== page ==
None of that’s wrong; it’s just is. But with self-compassion, we can give ourselves that space to say, “Whatever’s happening is just right for me. As long as I’m not hurting myself or I’m hurting another person, this is what I need to do in order to move forward and to heal, step by step.”

Dr. Bob: So how does that happen? How does somebody learn self-compassion? How do you go from having the normal chatter, the typical berating and judging that most people have … has become sort of their pattern, to having this self-compassion, and what’s the process?Lydia Lombardi: I think the first part is learning you’re being able to become aware of the voice inside you and what it’s saying, so really listening to that. So if you start to notice your pattern of self-deprecation, or being really hard and punitive with yourself in difficult times, starting to become an observer of those thoughts instead of allowing yourself to become hooked to them.

The problem is, a lot of us, me included again, we get so used to those thoughts, they just become … we get on autopilot with them, which becomes kind of a way of being. But by practicing things like mindfulness, or meditation, we allow ourselves to slow down a little bit, take a breath in between thoughts, and start to notice the thoughts instead of getting hooked.

For example, I used to notice I would get really frustrated with myself when I would get really, really down. Like, a year or two after my husband had died, I would all of a sudden have a really bad day, a really bad grief day, and I used to think to myself, “Gosh, where is this coming from? What’s going on? Why am I feeling this? Gosh, I’ve done all this healing, and I’ve done all this work. Why am I sobbing now? Something must be wrong with me. Maybe I’m just not doing enough work to heal.”

And all these questions, instead of just catching the thought and saying, “You know what? There I go again. Can I just have the feeling that I’m feeling and let it rise and fall naturally, instead of resisting?” Because we find, when we push against it, and we create this resistance, we actually create more suffering for ourselves.

And this is a real Buddhist concept as well, that pain is inevitable, but pain with resistance equals the suffering. When we can just settle into the pain and just feel it, it’s like when we have a good cry. When you’re stuffing it down, and it’s that nod in your throat, it hurts so bad, it’s so uncomfortable, but then when we just let ourselves ball, all of a sudden you notice you come out of it and it’s like, wow, I feel so much better. Why didn’t I just let myself do that before?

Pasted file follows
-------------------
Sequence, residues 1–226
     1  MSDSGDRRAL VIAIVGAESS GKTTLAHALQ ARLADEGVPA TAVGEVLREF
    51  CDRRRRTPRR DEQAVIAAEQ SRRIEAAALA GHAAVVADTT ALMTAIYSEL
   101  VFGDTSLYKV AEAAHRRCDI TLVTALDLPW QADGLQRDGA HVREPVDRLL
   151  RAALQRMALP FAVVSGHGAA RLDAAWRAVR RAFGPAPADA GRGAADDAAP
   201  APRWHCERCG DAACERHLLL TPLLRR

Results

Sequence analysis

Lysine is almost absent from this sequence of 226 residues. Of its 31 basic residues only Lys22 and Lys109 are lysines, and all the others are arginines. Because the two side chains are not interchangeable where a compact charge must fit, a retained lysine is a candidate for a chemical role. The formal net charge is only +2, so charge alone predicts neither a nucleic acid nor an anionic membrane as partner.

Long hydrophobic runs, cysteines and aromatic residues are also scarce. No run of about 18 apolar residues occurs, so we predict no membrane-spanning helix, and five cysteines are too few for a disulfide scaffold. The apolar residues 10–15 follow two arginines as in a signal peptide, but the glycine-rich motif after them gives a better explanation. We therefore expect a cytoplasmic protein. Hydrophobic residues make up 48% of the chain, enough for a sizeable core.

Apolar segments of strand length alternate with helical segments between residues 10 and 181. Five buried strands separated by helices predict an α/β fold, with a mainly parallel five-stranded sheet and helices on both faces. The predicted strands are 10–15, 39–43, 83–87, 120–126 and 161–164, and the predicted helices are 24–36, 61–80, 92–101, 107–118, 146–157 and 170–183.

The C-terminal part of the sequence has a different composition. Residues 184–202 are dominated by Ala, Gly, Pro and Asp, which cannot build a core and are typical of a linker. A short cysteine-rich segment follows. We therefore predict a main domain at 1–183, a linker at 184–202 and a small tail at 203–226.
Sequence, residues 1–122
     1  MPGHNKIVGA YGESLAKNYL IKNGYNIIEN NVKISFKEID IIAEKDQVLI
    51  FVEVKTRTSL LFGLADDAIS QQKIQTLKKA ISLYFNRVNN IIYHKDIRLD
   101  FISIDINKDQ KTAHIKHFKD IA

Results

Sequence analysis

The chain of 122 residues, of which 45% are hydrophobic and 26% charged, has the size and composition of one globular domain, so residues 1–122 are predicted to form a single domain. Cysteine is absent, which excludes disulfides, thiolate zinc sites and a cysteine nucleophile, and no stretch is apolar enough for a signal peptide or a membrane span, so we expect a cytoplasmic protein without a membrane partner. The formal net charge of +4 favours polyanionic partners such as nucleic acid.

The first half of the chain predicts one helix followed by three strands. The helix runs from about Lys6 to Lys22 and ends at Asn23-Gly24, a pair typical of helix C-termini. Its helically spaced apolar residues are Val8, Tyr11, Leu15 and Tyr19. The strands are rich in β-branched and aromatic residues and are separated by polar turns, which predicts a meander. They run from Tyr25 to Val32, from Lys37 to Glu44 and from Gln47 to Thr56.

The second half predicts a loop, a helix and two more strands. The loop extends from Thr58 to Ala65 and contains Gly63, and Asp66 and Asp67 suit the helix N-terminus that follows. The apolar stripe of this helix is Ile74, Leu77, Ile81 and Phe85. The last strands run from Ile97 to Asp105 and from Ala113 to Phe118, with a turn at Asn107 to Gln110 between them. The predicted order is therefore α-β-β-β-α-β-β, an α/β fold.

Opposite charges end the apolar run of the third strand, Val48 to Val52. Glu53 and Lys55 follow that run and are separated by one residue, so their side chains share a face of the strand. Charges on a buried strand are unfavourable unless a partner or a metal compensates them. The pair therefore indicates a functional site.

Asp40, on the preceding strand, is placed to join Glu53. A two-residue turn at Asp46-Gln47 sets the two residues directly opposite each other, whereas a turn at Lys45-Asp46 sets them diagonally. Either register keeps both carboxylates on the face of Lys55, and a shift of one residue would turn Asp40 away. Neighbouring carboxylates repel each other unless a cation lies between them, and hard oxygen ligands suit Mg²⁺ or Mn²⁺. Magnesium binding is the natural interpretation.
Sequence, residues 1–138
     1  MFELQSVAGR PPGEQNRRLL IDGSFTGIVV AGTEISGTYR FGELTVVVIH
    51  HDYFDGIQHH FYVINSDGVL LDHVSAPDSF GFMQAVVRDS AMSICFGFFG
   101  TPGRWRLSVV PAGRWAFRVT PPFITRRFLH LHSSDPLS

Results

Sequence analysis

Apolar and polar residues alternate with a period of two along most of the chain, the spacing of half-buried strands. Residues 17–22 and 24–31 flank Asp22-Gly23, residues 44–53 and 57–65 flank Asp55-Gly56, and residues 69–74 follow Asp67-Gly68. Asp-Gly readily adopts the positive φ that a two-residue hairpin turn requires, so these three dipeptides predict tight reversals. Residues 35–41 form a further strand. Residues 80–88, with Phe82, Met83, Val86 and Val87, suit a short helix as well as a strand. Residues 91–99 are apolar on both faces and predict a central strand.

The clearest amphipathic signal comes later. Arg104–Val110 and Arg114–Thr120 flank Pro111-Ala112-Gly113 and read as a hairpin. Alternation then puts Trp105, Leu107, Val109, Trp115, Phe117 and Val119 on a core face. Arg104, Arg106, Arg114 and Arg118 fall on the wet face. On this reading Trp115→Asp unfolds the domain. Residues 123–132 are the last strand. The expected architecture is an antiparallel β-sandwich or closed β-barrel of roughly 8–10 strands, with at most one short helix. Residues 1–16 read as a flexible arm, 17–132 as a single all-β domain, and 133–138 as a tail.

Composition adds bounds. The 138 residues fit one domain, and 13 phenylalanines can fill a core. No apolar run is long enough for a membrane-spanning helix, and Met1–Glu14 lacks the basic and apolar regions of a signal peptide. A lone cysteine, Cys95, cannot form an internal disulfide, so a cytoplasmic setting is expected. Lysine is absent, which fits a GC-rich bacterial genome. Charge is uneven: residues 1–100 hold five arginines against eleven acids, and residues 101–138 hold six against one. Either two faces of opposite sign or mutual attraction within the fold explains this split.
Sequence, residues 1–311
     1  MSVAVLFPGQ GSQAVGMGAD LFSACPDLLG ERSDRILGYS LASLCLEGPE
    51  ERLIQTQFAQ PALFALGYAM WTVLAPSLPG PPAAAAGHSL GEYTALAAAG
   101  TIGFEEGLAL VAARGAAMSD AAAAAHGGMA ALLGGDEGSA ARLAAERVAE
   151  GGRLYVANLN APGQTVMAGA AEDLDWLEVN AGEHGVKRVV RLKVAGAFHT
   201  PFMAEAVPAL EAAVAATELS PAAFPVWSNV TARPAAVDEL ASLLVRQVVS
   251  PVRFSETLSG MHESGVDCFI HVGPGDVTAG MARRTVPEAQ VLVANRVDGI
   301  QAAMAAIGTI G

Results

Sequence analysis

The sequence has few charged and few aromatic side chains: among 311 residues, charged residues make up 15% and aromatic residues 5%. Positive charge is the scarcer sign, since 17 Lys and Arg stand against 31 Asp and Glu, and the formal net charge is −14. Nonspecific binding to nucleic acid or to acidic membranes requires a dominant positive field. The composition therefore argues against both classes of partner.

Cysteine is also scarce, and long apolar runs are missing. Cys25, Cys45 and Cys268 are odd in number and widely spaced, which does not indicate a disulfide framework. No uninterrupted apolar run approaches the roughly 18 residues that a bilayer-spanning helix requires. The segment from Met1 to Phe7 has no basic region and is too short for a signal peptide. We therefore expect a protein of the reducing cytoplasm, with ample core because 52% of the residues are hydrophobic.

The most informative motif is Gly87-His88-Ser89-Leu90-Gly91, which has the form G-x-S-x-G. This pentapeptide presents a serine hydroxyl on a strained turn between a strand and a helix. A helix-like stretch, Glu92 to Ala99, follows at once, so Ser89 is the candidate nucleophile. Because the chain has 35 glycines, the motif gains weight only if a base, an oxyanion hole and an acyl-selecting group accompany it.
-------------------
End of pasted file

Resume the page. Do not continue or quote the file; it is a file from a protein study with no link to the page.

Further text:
Dr. Bob: It’s a catharsis, yeah.

Lydia Lombardi Good: Yeah.

Dr. Bob: I think we need to allow for more of that. So, a big thing that’s coming up for me as you’re describing this process is awareness, self-awareness. That’s the first step, right? Because if you’re not aware, if you don’t have an awareness of what’s truly taking place, there’s no way that you can influence it, or impact it.

Lydia Lombardi Good: Exactly.

Dr. Bob: And again, going back to this, sort of the analogy of treating yourself like you would treat a friend, imagine if you were with somebody and they said something just kind of off the cuff, and your response was, “Well, you’re an idiot. Like, what a stupid thing to say.” Or, “There you go again, making a fool of yourself,” those kinds of things that people are so comfortable saying to themselves, thinking to themselves, that if they were being said out loud to a friend, they would never tolerate that.

Lydia Lombardi Good: That’s right. That’s right. That’s exactly right. Why is that okay to do to ourselves?

Dr. Bob: Yeah. It’s not, but we do it, and we keep doing it. And I think we just believe that this is the way that it is. People become so accustomed, and I think it deflates you just like if you have a teacher who’s always telling you how stupid you are, or a parent who’s always telling you how disobedient you are, or sloppy, or whatever. That has an impact, and it will keep us from really feeling the depth of I guess the beauty and the magic of life.

Lydia Lombardi Good: Yes. And it holds you back from that experience that you deserve to grief. And sometimes that sounds really strange when I say that to people, the love you had for that person needs to be expressed through your grieving process.

Someone told me years ago grief is the twin of love. You can’t have one without the other. So, why are we suppressing this grief expression if it’s simply an expression of our love? And whatever that grief presentation looks like. For some it’s crying, for some it’s sharing stories with family, or memories, or whatever that looks like, memorializing, ritualizing the person. But you’re entitled to that experience. That’s how we’re able to move forward. But when you don’t allow that experience to yourself, it’s still there; it’s still going to be there.

A lot of people will say time heals everything. It’s actually time and attention. Time alone doesn’t do a thing if we’re not giving it the attention that it needs to do the healing that we deserve.Dr. Bob: Time can actually just cause more festering and the wounds to deepen.

Lydia Lombardi Good: Right.

Dr. Bob: Yeah, if you think about it kind of like an infection in your system, yes, there are some self-limited infections that will get better over time, but there are some that if they’re not addressed, if you’re not aware of them, and deal with them, they’ll eventually cause incredible suffering and ultimately kill you.